Housing minister visits Birmingham homeless scheme

Providing the right support on the journey from homelessness back into the community was top of the agenda when Minister for Housing and Homelessness Heather Wheeler MP visited a Midland Heart housing scheme.

The Minister was impressed by the services on offer at The Snow Hill, which provides vulnerable adults with a stable home and help with employment and training, health and wellbeing, and building essential life skills.

The scheme has an impressive track record of getting people back into independent living, offering a unique option to swap their 6-12 month supported placement for a more traditional private tenancy once they are feeling settled.

Mrs Wheeler spoke to two current residents, who both said the mix of tenancies gives the scheme a community feel and inspires supported tenants to see what the end of their journey could look like.

“It’s a good standard of living,” explained Craig Lawler (pictured talking to the Minister), who was referred to the scheme by the Salvation Army, where he now works as a volunteer.

“It gives you your confidence back and it helps you to move on. If you want to get back into work you do need a good base, where you can get up every day and get yourself together.”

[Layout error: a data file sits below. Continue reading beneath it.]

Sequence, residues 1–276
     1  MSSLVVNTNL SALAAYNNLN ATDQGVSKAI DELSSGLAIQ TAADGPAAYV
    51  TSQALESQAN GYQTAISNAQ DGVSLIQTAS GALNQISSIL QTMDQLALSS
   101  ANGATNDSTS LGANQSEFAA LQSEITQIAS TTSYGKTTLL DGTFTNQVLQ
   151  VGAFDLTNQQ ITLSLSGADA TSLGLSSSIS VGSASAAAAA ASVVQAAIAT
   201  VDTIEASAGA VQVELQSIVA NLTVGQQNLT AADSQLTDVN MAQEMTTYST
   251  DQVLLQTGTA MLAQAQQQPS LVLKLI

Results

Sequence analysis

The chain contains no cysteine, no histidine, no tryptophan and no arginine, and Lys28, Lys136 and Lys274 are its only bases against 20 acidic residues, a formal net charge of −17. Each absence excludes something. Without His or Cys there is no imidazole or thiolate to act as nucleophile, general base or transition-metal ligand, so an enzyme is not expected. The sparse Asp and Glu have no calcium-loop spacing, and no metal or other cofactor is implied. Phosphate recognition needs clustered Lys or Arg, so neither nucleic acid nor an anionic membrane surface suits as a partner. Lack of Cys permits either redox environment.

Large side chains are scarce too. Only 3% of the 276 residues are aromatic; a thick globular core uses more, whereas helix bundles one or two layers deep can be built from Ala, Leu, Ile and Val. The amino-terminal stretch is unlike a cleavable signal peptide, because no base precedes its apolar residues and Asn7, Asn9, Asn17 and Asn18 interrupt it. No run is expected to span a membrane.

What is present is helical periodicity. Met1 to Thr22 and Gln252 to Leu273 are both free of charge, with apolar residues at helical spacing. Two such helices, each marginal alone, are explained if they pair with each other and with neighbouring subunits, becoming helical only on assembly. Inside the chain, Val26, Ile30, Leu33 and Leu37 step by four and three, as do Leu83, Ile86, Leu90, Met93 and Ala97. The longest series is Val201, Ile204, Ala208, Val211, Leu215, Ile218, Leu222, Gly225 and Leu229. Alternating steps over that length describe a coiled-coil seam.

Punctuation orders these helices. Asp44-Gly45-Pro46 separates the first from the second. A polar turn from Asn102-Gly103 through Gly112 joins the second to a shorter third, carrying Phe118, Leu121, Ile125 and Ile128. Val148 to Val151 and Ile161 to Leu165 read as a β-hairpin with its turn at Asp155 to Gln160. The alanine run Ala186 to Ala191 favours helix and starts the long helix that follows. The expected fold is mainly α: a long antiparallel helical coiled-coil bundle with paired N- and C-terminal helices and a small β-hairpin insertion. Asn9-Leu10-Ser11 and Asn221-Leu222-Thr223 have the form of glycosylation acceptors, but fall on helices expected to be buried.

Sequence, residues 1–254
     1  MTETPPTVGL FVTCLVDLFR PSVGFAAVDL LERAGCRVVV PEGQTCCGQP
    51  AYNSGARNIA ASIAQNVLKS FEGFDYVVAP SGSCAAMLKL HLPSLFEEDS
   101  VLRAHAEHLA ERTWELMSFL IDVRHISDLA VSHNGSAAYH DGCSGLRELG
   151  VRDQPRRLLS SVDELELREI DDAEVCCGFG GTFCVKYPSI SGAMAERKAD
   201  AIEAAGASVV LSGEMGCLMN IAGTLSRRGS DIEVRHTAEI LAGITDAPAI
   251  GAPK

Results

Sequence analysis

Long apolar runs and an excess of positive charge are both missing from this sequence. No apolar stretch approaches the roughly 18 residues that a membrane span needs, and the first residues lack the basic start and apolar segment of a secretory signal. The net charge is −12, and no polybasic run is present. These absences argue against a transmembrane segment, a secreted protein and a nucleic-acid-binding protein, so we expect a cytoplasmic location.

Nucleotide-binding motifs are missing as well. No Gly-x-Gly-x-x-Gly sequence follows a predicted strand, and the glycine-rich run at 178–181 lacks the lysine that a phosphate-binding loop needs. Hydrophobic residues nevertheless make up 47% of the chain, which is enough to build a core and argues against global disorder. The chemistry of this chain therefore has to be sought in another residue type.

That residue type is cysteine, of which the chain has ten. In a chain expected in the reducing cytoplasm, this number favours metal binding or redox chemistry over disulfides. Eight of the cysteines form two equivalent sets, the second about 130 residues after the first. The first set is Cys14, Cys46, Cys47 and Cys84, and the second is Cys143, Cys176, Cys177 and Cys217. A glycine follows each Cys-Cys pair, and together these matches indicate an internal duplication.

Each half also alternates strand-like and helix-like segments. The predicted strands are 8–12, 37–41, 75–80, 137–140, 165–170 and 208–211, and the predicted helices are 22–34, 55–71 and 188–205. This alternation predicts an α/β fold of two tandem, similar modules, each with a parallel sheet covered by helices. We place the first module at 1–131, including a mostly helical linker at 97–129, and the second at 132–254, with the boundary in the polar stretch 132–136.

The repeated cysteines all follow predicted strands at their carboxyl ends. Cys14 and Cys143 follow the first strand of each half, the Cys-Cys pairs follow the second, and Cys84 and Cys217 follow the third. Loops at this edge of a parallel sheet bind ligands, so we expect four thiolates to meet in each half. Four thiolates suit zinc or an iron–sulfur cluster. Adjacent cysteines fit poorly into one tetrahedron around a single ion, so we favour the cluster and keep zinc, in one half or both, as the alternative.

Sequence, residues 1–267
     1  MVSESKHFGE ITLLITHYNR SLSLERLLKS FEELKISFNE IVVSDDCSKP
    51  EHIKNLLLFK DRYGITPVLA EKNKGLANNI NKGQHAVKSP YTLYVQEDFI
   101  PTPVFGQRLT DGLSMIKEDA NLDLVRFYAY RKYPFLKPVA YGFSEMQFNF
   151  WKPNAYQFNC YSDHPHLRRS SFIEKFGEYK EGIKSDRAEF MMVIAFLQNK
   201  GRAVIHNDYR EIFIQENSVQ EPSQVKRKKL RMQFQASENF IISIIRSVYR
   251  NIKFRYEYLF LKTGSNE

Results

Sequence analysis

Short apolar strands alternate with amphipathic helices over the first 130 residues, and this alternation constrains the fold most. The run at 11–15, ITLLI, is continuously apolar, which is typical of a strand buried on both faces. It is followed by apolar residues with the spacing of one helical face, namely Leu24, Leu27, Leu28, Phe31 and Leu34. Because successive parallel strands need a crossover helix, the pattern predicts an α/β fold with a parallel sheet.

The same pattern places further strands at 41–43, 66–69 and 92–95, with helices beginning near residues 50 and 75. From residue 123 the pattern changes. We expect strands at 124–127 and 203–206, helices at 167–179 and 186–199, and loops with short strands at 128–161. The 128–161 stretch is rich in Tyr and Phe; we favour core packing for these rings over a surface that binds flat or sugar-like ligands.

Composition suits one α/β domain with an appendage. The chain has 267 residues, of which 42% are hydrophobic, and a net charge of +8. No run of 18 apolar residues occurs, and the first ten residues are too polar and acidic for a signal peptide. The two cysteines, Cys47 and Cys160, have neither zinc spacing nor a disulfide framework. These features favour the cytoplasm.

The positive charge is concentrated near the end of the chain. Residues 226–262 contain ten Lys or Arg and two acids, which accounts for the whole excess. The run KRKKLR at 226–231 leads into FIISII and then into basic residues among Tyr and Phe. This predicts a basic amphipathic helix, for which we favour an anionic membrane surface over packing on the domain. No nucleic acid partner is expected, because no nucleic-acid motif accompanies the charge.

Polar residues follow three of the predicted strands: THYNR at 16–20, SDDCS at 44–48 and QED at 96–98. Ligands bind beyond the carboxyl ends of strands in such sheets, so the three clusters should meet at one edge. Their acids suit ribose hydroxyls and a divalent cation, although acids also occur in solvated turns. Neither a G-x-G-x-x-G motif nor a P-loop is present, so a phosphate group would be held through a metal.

Fellow resident Donna Robinson added: “The support here is absolutely fantastic. It gives me the drive and the passion to do things I wouldn’t have done before.”

After the visit, the Minister said: “It was a pleasure to visit The Snow Hill and see the impressive accommodation they offer. It was particularly encouraging to meet Craig and Donna and speak to them about their experiences – and especially wonderful to hear they are both now volunteering and looking for paid work.

“The Snow Hill shows just how important it is to support people to access the next stage of housing once they are ready, so they can take the next step on their journey out of homelessness.”

Midland Heart’s chief executive, Glenn Harris, took the opportunity to talk to Mrs Wheeler (pictured, right) about the organisation’s priorities for homeless services, particularly the need to provide different routes out of homelessness and more support at the end of the journey.

He said: “Through our work at places like The Snow Hill in Birmingham we help people who are on the last part of their journey to independent living, moving towards employment and a home of their own.

“We also offer ‘step down’ support for those who struggle once they move on to unsupported living. People who are leaving supported accommodation must have a safety net, so if things don’t go so well, they have a place like The Snow Hill that they can come back to and regroup before trying to live independently again.”

28th May 2019 | 2019